This book includes the entirety of Paine’s “Common Sense” and “Rights of Man”. It also includes selections from his series “The Crises” and the pamphlets “The Age of Reason” and “Agrarian Justice”.
There is a forward by Jack Fruchtman Jr. and an Introduction by Sidney Hook. These attempt to illustrate the importance of Paine’s writings in about 25 pages. It notes that Paine is one America’s Founding Fathers on account of having written “Common Sense” and “The Crises”. Paine wrote the “Rights of Man” in response to Burke’s pamphlet against the French Revolution. “The Age of Reason” was written when Paine expected to be executed in the Reign of Terror. It includes his thoughts on religion, which later led to his being regarded as an atheist. “Agrarian Justice” was written somewhat later. It seems to have been included more to add flavor than on account of its influence, as neither introduction refers to it.
From my perspective this book is more important as a collection of important historical documents than as a source of governing ideas for our times. Historically Paine was one of the more important popularizers of republican thought in the late 1700s. “Common Sense” helped to make the American Revolution a success. “The Crises” helped Washington maintain the morale of his troops. “Rights of Man” is one of the most important defenses of the French Revolution and includes the seeds of ideas that were and are tremendously important. “The Age of Reason” presents the case for the Deism that was so popular with the great figures of the Enlightenment.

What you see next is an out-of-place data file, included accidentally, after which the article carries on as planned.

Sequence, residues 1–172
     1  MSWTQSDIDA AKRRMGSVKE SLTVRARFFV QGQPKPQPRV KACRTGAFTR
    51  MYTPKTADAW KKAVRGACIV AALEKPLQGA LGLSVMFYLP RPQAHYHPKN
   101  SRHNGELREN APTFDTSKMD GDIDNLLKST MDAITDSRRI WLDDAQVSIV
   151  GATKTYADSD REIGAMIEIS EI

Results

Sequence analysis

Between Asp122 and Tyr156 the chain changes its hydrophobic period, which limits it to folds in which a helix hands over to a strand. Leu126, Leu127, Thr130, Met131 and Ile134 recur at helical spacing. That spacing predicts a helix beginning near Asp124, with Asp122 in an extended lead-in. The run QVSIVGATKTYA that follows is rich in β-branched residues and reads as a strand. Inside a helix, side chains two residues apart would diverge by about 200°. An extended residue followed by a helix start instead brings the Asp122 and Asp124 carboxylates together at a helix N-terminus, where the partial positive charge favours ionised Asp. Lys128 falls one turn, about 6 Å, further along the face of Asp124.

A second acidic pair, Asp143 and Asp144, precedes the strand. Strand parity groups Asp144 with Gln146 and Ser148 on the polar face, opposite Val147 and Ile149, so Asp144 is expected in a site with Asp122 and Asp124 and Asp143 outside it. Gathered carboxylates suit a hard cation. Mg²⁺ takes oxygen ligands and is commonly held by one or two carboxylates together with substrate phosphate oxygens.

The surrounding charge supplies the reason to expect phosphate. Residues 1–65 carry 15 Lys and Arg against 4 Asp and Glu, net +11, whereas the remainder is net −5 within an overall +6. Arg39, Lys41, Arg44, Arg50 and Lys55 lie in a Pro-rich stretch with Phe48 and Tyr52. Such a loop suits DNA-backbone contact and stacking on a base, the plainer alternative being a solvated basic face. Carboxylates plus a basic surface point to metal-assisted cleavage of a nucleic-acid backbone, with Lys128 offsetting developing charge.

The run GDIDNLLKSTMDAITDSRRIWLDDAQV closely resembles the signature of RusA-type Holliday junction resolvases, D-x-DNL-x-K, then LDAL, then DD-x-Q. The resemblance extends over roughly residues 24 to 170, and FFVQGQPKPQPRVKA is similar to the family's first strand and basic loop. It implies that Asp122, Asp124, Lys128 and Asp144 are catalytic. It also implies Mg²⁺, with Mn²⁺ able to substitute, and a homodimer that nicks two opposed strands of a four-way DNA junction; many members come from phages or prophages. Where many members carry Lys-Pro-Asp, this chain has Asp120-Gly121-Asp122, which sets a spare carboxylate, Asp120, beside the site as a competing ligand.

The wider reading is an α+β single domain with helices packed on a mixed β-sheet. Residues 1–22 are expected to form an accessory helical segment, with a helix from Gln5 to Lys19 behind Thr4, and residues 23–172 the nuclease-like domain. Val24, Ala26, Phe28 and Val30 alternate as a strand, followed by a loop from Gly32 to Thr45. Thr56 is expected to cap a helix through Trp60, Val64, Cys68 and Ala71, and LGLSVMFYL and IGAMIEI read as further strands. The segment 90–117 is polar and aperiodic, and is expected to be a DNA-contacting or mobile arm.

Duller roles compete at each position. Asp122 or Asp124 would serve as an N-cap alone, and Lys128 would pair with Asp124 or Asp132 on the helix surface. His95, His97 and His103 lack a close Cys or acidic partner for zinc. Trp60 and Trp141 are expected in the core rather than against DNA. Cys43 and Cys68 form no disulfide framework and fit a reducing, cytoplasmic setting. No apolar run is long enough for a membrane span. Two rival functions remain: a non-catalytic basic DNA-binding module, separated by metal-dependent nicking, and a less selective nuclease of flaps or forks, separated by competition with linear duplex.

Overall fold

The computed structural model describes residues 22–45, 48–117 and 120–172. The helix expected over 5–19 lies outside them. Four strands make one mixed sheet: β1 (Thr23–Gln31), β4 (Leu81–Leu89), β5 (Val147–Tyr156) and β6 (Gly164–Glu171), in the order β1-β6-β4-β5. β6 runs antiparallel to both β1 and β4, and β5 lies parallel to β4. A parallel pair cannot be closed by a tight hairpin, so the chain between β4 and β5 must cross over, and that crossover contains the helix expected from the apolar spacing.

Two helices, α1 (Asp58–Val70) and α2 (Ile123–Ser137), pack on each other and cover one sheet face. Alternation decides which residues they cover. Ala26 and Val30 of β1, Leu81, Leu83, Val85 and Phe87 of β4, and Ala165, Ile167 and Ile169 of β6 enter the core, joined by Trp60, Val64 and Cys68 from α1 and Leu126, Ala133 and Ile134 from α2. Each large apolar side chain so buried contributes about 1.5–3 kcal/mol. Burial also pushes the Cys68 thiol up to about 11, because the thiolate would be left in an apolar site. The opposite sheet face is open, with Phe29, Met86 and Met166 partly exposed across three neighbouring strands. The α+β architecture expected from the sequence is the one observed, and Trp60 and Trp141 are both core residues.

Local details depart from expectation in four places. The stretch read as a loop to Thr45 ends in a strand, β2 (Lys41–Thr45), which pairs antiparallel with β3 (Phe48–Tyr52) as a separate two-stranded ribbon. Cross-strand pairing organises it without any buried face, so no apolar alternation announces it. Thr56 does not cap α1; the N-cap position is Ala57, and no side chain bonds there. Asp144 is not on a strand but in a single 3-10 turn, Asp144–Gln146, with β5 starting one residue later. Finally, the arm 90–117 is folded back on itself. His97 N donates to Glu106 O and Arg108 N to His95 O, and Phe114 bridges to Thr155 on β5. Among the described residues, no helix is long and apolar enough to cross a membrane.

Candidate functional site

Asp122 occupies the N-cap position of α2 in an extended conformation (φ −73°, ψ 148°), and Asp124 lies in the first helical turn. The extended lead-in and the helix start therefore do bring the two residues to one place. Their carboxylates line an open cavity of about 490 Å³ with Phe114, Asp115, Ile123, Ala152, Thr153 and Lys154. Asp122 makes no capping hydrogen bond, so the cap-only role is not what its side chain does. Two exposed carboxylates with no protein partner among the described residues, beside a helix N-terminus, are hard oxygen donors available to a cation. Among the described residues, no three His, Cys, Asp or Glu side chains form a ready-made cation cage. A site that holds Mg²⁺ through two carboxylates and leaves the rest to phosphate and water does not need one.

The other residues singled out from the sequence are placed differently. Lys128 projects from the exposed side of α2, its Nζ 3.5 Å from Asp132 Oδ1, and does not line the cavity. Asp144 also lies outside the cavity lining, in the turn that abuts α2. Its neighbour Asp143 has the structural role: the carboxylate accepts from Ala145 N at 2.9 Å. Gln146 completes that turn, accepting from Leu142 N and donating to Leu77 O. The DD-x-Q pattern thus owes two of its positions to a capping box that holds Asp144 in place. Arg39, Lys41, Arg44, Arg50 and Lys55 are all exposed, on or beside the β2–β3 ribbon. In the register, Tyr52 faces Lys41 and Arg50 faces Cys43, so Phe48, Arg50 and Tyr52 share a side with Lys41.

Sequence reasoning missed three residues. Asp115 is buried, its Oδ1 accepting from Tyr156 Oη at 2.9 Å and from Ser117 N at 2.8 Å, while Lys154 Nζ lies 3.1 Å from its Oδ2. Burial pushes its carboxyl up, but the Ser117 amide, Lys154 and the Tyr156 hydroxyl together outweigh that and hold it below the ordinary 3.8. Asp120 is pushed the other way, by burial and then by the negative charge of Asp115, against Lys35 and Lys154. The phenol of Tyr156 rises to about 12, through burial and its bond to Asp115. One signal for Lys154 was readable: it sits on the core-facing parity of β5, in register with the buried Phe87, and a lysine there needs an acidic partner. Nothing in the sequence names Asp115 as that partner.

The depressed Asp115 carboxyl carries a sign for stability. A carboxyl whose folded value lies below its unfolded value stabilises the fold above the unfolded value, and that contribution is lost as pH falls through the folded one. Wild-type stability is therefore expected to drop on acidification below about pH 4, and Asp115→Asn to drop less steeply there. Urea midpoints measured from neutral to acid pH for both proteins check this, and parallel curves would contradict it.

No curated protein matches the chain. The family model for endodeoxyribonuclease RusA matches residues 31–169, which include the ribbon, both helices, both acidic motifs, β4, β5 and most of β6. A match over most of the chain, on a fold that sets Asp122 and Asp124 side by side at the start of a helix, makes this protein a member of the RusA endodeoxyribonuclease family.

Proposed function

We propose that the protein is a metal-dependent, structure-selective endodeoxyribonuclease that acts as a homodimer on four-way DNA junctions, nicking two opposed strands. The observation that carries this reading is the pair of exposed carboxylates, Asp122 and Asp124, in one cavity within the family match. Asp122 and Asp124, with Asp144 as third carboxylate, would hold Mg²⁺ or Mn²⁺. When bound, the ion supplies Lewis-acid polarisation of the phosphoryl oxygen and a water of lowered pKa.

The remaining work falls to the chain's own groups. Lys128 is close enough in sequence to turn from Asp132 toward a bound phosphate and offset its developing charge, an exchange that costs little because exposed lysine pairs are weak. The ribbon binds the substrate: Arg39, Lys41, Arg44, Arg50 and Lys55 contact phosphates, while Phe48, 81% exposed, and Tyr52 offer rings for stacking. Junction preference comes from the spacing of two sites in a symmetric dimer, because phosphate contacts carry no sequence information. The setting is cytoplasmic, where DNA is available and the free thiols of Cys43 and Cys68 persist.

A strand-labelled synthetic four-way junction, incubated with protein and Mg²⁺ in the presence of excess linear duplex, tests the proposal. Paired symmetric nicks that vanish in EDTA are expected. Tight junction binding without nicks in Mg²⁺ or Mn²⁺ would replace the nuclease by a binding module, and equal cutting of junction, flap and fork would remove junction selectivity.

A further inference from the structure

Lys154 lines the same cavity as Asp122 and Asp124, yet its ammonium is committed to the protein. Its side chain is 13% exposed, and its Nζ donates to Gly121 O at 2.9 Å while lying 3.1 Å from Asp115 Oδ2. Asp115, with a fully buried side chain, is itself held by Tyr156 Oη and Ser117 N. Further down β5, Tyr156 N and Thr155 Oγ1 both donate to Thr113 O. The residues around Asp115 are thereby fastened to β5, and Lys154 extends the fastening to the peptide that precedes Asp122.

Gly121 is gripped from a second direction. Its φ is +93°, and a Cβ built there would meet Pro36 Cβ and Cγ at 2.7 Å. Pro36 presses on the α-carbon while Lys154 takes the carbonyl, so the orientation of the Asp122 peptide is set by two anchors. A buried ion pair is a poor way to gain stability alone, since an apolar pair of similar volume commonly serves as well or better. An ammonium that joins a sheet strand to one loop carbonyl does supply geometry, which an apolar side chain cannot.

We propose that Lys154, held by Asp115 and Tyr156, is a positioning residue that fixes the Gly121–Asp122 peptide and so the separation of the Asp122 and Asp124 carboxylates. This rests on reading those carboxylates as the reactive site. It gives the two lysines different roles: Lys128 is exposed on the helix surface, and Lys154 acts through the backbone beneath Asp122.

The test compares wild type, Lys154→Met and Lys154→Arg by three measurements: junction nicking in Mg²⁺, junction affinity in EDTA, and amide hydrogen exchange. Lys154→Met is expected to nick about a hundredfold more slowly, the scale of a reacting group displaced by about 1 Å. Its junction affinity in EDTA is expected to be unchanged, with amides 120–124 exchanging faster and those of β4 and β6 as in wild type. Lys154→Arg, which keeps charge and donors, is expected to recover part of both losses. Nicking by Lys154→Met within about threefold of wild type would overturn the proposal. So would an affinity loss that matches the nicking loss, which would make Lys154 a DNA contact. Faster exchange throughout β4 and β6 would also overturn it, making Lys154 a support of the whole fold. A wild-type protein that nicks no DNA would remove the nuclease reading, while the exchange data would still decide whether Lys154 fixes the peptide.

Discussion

“Agrarian Justice” seems to be of limited historical interest, but I would hope that by including it certain of those on the political right would be induced not to abuse his name. In it Paine advocates for a minimum income and property taxes that are distributed to the entire population that can own land.
Overall, this book is a must read for anyone with an interest in the thinking of European Republican thinking of the late 18th and early 19th centuries. There are interesting complexities, such as the claim that republics (and democracies) are actually, not merely theoretically, incapable of using illegitimate force. He assumes that all constitutions must be written down. He describes England as being ruled by an absolute monarch because of the theoretical powers of the monarch while Revolutionary France.
These complexities mean there are few, if any, simple modern applications of Paine’s thinking.